• When PPM does work on brick-and-mortar projects like helping to construct a house or a church building, the Americans aren’t directing any of it. The church committee designs and approves the buildings with the end users. And the role of teenager? They are basically doing unskilled labor like mixing concrete, carrying supplies, and stuff like that.
  • At each stop, 5-6 locations in all, one theme is consistent…. PPM fosters collaborative partnerships where PPM in highly involved but not from a position of power. At each stop we got out of the car and talk to people whom PPM has long-term, lasting, and healthy relationships with. I’ve done enough short-term missions to know how rare that is. 
  • The end result is students and young adults getting the international exposure that helps them shape their worldview and develop a lasting, mission-centric, worldview in a way that empowers everyone. And that’s really encouraging when we think about the long-term impact of short-term missions.

The Bottom Line

Those are all signs of health. Those are all signs of When Helping Helps. And as I continue to get to know PPM and to really dig deep, asking hard questions, I can happily report that everything I’m seeing is good. They are helping North American churches connect with Haitian churches to work together in helping the Haitian church accomplish its mission, and as a by-product North American trip participants are getting a great, faith building experience.

(7/22/2013) Note: The last couple of sentences got cut off last night, I just re-added them.

By Adam McLane

Kristen and Adam live in the San Diego neighborhood of Rolando with their three children.

8 replies on “When Helping Helps”

I’m impressed with the perspective you’re gaining. When Helping Hurts and Toxic Charity have been great reads and are shifting my viewpoint, and it’s great to read about practical solutions.

Is PPM involved in any economic development projects?

@disqus_V2C4ugmnqe:disqus That’s a great question. From what I can tell, their mission is solely focused on growing the church. So to my knowledge they aren’t involved in any macro-economic projects. (Like building infrastructure, education, etc.) But they are very engaged at the local level in practical ways… like hiring local workers, buying stuff locally to support their trips, connecting participants to ministries they can support in a more long-term way, etc. I’m not an evangelist for PPM, but I’m definitely appreciating their style. For instance, they have several ministry locations that are only working with a single church from the States. I think that’s really cool… and a choice they make which is harder for them, but better for the local church.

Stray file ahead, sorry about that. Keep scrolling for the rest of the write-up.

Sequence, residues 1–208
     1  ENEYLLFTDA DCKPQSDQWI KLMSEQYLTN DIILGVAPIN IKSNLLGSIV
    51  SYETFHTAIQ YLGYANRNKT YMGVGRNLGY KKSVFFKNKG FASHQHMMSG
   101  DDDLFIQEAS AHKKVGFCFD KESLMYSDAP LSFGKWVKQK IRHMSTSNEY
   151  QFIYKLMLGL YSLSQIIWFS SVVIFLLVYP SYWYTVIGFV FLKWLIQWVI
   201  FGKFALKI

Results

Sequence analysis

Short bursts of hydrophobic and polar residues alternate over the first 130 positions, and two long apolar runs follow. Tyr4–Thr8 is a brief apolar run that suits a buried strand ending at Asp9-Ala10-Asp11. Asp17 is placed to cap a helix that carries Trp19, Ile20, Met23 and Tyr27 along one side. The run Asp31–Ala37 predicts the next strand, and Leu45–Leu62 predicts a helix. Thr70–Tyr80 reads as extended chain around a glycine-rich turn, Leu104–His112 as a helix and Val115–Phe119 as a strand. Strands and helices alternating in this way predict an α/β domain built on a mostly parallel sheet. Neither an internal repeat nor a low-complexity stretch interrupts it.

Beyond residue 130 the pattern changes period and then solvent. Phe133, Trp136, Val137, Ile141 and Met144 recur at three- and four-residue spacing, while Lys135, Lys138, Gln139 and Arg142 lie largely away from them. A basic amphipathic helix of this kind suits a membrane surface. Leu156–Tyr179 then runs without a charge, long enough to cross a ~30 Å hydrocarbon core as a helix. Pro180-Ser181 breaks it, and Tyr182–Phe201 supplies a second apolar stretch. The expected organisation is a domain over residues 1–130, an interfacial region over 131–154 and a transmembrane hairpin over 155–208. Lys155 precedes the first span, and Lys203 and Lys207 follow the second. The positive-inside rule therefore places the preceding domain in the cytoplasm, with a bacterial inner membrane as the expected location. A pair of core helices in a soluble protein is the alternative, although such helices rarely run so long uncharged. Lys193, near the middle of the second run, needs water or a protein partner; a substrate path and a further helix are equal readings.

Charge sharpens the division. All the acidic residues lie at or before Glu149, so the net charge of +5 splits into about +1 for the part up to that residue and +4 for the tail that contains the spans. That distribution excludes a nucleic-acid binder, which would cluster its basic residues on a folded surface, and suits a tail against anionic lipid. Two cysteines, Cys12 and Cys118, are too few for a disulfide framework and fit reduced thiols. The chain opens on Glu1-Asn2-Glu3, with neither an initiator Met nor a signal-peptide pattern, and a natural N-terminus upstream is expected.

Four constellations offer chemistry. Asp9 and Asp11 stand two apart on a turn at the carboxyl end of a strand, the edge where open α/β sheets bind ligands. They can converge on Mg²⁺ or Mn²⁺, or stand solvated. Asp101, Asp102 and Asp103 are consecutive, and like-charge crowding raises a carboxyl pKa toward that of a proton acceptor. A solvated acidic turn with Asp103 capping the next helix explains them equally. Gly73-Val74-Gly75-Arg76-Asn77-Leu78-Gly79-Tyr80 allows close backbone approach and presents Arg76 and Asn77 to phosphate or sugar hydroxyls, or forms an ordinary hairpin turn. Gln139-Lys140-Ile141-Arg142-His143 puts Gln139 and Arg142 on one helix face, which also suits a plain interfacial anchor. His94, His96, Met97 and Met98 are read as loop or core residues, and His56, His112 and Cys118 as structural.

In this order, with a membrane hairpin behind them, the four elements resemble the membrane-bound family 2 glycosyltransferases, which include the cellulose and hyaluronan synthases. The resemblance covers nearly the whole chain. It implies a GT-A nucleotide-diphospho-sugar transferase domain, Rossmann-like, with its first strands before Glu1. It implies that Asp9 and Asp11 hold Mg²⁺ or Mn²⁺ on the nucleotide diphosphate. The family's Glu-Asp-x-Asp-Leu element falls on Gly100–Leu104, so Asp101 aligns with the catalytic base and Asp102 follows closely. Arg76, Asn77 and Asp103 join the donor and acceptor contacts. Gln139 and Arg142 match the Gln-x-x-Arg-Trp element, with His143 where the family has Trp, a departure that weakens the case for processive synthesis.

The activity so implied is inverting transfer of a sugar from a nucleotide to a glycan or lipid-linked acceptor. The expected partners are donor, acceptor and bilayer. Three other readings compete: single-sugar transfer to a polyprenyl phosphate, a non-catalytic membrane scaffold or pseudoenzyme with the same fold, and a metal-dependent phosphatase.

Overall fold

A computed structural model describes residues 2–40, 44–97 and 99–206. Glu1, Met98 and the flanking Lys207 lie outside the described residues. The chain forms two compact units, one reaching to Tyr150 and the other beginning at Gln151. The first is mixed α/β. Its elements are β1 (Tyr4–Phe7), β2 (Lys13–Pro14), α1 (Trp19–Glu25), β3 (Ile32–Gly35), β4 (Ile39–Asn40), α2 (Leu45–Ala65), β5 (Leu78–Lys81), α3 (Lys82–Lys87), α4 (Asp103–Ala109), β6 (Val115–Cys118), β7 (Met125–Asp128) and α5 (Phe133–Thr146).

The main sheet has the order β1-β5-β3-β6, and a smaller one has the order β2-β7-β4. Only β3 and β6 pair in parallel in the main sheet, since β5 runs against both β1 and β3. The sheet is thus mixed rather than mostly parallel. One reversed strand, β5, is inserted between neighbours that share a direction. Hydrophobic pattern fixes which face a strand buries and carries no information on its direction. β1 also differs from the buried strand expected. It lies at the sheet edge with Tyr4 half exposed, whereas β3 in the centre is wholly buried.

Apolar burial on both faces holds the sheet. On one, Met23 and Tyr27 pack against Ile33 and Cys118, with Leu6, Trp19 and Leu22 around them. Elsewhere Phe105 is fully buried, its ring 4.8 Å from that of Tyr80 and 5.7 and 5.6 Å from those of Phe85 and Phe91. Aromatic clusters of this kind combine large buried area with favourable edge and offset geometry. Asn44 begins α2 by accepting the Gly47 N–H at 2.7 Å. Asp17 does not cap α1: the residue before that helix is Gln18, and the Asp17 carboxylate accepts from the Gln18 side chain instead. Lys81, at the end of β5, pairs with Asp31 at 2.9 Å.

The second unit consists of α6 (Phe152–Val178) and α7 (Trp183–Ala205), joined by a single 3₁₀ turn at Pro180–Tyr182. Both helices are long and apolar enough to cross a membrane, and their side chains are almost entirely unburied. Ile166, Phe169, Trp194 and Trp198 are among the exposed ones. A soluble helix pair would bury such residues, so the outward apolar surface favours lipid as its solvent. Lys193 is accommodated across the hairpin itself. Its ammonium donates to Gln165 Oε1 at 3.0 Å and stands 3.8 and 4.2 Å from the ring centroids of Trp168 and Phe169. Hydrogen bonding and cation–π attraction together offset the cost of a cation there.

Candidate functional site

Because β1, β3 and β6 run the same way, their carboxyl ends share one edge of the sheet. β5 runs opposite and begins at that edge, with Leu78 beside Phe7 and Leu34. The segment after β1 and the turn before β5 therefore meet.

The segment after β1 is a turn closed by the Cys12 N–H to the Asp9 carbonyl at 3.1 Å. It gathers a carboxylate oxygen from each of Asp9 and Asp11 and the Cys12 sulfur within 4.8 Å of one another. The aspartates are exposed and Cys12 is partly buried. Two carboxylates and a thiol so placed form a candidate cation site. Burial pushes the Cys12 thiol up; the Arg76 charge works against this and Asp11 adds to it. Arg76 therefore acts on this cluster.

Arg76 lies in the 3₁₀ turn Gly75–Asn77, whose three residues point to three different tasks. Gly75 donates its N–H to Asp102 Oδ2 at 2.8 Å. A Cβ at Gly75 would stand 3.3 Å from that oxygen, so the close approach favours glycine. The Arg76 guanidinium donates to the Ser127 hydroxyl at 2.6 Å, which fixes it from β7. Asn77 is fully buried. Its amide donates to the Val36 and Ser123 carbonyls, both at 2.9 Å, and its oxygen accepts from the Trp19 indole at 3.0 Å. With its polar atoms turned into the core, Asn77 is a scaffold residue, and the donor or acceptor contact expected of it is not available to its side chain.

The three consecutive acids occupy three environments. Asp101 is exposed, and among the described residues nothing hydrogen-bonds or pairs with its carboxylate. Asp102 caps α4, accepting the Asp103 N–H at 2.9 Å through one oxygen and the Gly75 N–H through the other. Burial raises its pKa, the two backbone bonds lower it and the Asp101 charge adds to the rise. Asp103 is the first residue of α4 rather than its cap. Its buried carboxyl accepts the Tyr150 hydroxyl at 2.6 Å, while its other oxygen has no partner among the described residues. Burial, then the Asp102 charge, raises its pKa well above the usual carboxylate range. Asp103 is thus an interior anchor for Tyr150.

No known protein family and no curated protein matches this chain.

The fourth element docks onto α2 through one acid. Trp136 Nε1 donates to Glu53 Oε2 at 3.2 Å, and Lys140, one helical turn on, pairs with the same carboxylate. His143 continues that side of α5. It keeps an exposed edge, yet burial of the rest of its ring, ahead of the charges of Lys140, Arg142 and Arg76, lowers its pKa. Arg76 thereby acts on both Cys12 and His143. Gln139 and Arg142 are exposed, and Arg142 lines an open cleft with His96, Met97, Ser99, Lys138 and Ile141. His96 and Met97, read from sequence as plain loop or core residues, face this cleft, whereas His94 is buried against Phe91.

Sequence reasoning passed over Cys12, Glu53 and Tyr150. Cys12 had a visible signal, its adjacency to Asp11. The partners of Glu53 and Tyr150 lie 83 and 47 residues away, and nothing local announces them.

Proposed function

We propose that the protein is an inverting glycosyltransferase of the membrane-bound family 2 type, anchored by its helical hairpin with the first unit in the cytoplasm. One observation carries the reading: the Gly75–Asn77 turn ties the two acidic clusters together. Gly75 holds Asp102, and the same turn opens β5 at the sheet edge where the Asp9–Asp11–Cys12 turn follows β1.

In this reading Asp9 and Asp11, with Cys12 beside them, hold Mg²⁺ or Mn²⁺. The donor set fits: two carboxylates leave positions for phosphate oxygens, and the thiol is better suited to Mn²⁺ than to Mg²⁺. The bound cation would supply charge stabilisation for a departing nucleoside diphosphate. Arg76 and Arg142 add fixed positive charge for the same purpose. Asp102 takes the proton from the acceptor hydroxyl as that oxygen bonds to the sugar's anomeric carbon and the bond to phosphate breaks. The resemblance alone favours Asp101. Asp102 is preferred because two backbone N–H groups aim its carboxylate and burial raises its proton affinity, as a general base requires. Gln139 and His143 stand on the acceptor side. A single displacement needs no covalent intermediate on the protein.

Adam, thank you for talking about this and being so honest. I had my eyes opened to these issues a few years back and I still feel conflicted about what should be done. When I read that you were going to Haiti, I got the familiar pit in my stomach of unease so it is really refreshing to have it addressed while in the act of missions.

Greatly appreciate your “eyes and ears” on the ground in action! Keep up the GOoD Work. His Kingdom is expanding and I am moving with Him.

I was introduced to PPM while setting up AIM’s network in Belize. They do a great job of church-to-church collaboration.

Would love to reconnect when you get back to the states regarding DFGM’s status … shoot me an email.

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[…] That’s why Marko and I have taken so much time and gone so slowly, examining and re-examining PPM’s philosophy and on-the-ground actions. We’re sensitive to the reality that many mission trips do indeed “pimp the poor” or turn mission trips into “poverty tourism.” And, while it’s impossible to always be perfect, we’ve found PPM’s way of doing short-term missions to be great for North American participants while actually helping further the ministry of the local church in places they serve. (see When Helping Helps) […]